The defendant’s acceptance or receipt of presents and emoluments in violation of the Constitution presents the District and Maryland with an intolerable dilemma: either (1) grant the Organization’s requests for concessions, exemptions, waivers, variances, and the like and suffer the consequences, potentially including lost revenue and compromised enforcement of environmental protection, zoning, and land use regulations, or (2) deny such requests and be placed at a disadvantage vis-à-vis states and other government entities that have granted or will agree to such concessions. Either way, the result is the very type of injury that the Domestic Emoluments Clause was designed to prevent
Harm to “the plaintiffs’ interest in preventing economic injury to their residents and their economies”
Residents of the District and Maryland are injured by the payment of presents and emoluments to the defendant because it tilts the competitive playing field toward his businesses; causes competing companies and their employees to lose business, wages, and tips; and generates a range of market distortions that restrict and curtail opportunity, diminish revenues and earnings, and hamper competition
The District and Maryland have the authority and right to vindicate their interest in providing and preserving a level playing field in the hospitality industry, and in ensuring that their residents are free from the injuries and competitive disadvantages that flow from defendant’s violations of the Emoluments Clauses.
Harm to “Maryland’s sovereign interests in tax revenues.”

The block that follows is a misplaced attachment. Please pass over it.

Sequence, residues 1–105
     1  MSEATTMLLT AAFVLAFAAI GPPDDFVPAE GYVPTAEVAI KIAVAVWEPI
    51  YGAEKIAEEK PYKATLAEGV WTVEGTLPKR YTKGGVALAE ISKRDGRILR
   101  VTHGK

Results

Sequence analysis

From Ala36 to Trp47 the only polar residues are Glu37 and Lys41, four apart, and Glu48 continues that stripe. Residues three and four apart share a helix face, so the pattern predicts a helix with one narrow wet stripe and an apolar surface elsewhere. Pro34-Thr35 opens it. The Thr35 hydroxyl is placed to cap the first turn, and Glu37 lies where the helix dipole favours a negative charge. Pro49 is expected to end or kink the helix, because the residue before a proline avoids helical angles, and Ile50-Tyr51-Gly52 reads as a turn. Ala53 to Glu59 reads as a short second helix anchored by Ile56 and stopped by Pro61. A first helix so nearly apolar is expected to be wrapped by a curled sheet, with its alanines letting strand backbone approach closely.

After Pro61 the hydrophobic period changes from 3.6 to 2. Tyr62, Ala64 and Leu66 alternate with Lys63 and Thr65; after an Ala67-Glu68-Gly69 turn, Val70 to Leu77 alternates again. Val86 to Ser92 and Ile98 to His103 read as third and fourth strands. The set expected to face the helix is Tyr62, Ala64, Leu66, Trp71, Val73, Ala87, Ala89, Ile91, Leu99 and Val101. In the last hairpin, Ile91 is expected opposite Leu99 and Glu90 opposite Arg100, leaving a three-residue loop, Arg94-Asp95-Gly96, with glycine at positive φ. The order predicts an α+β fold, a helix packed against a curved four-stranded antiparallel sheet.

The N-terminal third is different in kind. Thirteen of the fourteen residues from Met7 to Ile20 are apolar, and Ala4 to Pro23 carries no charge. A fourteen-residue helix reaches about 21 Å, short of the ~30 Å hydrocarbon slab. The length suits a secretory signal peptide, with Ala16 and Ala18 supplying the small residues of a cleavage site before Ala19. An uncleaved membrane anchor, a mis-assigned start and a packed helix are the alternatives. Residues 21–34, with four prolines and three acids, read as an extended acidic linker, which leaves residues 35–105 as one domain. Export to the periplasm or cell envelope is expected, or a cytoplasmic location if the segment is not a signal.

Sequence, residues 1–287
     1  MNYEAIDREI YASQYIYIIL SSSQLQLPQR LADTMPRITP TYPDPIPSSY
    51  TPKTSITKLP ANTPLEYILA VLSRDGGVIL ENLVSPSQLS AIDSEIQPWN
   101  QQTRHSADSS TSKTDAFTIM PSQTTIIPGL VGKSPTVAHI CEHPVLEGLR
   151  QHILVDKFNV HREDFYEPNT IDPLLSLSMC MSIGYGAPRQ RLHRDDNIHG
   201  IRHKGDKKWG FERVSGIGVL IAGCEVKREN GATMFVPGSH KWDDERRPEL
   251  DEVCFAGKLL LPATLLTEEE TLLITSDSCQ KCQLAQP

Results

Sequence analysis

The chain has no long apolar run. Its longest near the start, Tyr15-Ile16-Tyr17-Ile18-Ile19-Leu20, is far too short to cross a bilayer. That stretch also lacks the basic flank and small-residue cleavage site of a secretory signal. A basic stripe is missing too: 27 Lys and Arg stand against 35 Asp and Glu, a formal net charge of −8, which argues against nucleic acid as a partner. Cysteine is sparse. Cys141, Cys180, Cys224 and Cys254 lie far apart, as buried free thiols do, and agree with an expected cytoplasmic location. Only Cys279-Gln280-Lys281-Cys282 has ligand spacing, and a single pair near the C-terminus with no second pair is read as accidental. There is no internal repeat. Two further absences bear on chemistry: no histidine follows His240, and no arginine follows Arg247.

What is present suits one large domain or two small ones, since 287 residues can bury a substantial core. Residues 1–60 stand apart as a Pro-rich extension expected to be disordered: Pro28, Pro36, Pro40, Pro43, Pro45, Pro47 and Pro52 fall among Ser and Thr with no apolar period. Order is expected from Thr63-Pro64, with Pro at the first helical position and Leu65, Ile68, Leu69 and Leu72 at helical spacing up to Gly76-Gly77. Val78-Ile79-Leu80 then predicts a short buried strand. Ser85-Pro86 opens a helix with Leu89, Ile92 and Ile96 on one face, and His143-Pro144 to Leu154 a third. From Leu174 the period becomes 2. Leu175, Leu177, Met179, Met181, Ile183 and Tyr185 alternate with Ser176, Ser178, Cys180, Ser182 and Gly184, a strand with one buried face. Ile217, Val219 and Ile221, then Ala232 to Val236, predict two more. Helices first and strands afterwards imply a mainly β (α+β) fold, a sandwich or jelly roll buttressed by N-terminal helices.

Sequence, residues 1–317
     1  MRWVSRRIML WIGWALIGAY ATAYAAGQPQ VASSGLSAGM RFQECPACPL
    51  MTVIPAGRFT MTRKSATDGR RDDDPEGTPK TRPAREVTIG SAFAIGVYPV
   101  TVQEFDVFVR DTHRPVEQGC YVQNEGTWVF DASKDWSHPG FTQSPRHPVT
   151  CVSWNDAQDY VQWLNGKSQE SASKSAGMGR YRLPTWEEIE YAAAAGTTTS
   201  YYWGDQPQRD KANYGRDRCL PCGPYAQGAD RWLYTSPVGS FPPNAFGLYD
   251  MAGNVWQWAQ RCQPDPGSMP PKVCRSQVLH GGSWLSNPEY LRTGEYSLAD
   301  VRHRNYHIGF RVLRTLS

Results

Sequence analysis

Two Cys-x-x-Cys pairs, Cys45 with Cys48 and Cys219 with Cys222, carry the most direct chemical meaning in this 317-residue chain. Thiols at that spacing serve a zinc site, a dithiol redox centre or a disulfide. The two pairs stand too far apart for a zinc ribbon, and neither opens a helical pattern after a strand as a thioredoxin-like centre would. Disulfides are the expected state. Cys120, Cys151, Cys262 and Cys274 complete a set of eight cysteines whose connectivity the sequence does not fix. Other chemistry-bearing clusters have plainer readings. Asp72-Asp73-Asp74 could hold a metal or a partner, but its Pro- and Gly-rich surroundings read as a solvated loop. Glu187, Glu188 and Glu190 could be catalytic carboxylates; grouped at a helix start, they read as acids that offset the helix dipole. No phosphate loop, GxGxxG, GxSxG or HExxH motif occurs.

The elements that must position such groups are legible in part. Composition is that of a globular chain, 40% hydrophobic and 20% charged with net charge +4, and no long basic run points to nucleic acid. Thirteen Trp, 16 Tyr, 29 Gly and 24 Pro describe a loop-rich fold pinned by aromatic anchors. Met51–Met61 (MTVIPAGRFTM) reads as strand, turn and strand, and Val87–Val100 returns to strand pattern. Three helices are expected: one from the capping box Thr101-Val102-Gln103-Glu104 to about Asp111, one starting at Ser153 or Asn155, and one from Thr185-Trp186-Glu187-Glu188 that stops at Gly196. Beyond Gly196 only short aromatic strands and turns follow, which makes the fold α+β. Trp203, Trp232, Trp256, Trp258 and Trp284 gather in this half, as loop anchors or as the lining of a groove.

The defendant’s violations of the Emoluments Clauses also injure Maryland’s interest in preserving tax revenue for the benefit of its residents. For example, National Harbor is a resort development with hotels, a casino, restaurants, entertainment, a marina, and shops located on the Potomac River in Prince George’s County, Maryland. Although Maryland does not own National Harbor, the various hotels and other businesses in the complex generate significant tax revenue for state and local governments . . . .
Trump International Hotel, located in the District of Columbia, is a direct competitor of National Harbor’s hotels and other businesses, including MGM National Harbor. Those hotels and businesses suffer competitive harm by the defendants’ ongoing constitutional violations, and Maryland’s tax coffers, in turn, are diminished as a result
In our view, these theories of injury more than suffice to establish standing under applicable Supreme Court precedents. While there is a lot to say here, we’ll offer only a few general remarks about the injuries identified by Maryland and DC.
A core purpose of the Emoluments Clauses is to prevent States from feeling compelled (or being compelled) to confer private financial benefits on the President in order to compete for influence and favor against other States—and against the federal government itself and foreign sovereigns. That purpose is especially apparent in the Domestic Emoluments Clause, which refers to the States explicitly and which does not allow Congress to consent to any emoluments conferred on the President (presumably to prevent sections of states from seeking to buy off the President and then have their representatives approve that sordid deal). This purpose of the Emoluments Clauses was wholly consistent with Framing-era anxiety about the powers of the new federal government, the threat of “factions,” and regional strife among the states.